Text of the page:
If I am X happy with £100million, does it matter that I am only (X*2)-Y happy with £200million? Not to me. I am more happy, and that is enough. The rest of her article continues the conflation of work and wealth so I will leave it for now.

Now, as a final point, and going back to the title, I will again assert it is largely incorrect to say that money doesn’t buy happiness. For the screaming pedant it is correct because happiness is an emotion and unless the very existence of lots of (positive) numbers on your bank balance makes you happy the money isn’t doing that bit.

However, what money gives you is the ability to become happy. If you are wealthy enough to not have to go to work, you can spend quality time with your family; you can spend more time doing hobbies; you can learn new things; you can read new books; you can travel the world. There are more things that I want to do than I will ever have time to do so it is a constant battle with the clock. Money buys that wonderful thing called time. The problem is we have to give up time to work so the key for most people is finding the best balance between lots of work, and lots of time.

Being slightly scientifically oriented, I am open to having my mind changed on this topic – but I suspect any arguments will just go back and forth on issues of pedantry. What I propose instead is a simple experiment.

If you feel, like so many others, that money does not make you happy then send me £50,000. With this we can see if having less money makes you happy and if having more money makes me happy.

As this is a fixed amount and may well be below the threshold that Kate Soper was referring to there is a second experiment: I will make a note of my current happiness using any criteria you choose. Then I am given £1million and my happiness is re-assessed. Next this is increased to £10million (with another assessment) and finally a sum of £20million and a final assessment. From this we can see if the increasing sums of money show a corresponding increase in happiness.

Does that sound like a good idea? I am more than willing to take part in the experiment at a moments notice.

On the other hand, if you aren’t willing to give me all your money, don’t claim being rich doesn’t make you happy.

Footnote: I used “you” and “your” a lot, these are just generic terms. I didn’t mean you unless you are Bill Gates [or similar] and fancy the experiment. Do you?

Bad Science and Elections

Now, I am sure every one knows that New Scientist is “pop science” – scientific news processed for laymen. In general this is great as is gives people an insight into the wonders of science without the tedium of years studying. Peer review is great, but only in its place. New Scientist is not the place.

Sometimes, this causes problems.

In this weeks issue, there is an article titled “Read my lips… and my voice, and my face” (online version titled “Software spots the spin in political speeches“) which is (at best) bad science being used for electioneering purposes. On the surface this is nothing more than the old idea that you can tell when people are lying by their gestures and use of language. This is a subject close to my heart and generally falls foul of the greatest of problems – it is sort of true. Body language, eye access, word selection and the like can give you an indicator of lies (for example) but only in the broader context of the persons behaviour.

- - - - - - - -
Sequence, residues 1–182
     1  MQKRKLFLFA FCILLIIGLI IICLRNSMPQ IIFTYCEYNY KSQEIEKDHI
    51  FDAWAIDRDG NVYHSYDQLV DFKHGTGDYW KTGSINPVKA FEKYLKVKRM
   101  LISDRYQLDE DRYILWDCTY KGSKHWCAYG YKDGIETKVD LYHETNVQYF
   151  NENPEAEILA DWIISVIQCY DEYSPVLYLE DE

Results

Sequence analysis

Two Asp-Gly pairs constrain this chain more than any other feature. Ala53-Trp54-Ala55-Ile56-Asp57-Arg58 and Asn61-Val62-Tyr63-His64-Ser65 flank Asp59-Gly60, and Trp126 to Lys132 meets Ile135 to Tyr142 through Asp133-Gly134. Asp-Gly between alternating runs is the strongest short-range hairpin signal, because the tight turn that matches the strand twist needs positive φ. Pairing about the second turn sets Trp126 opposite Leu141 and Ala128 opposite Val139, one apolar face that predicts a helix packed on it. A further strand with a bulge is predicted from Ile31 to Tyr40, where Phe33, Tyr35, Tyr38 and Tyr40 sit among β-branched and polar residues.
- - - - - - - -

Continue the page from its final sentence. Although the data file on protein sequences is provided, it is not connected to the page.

Take the often cited example of people rubbing their nose when they lie. Yes, some people do this. But most of the time it means the person has an itchy nose and nothing else. The same with eye-access (as highlighted in The Negotiator), but the problem is people are different – not everyone looks the exact same way. Language choice is possibly the worst indicator as this is dictated by your background, education and the like. Simply put, there is no easy way you can use this information as a reliable indicator of deception or misdirection. You need to study the person in a variety of controlled circumstances and build up a pattern of their behaviour.

With this in mind, we can return to the New Scientist article. It seems someone has come up with an automated way of monitoring the terminology used, the voice and the facial expressions of politicians to measure how much “spin” there is in their speeches. Amazingly this has not resulted in 100% returns each time. This is how it is described:

The algorithm counts usage of first person nouns – “I” tends to indicate less spin than “we”, for example. It also searches out phrases that offer qualifications or clarifications of more general statements, since speeches that contain few such amendments tend to be high on spin. Finally, increased rates of action verbs such as “go” and “going”, and negatively charged words, such as “hate” and “enemy”, also indicate greater levels of spin. Skillicorn had his software tackle a database of 150 speeches from politicians involved in the 2008 US election race (see diagram).

Now, this strikes me as inherently flawed given that politicians have their speeches written for them by teams of “experts” (who are more than capable of concluding which words mean which things), and are nearly always well coached in delivering them in a manner to “stir” the audience. It strikes me that adding an arbitrary judgement as to what is, or is not, spin gives nothing that even resembles science. In an attempt to dismiss this, Skillicorn (the systems creator) says:

Additionally, [Skillicorn] says, little details count: pronouns such as “we” and “I” are often substituted subconsciously, no matter what is written in the script.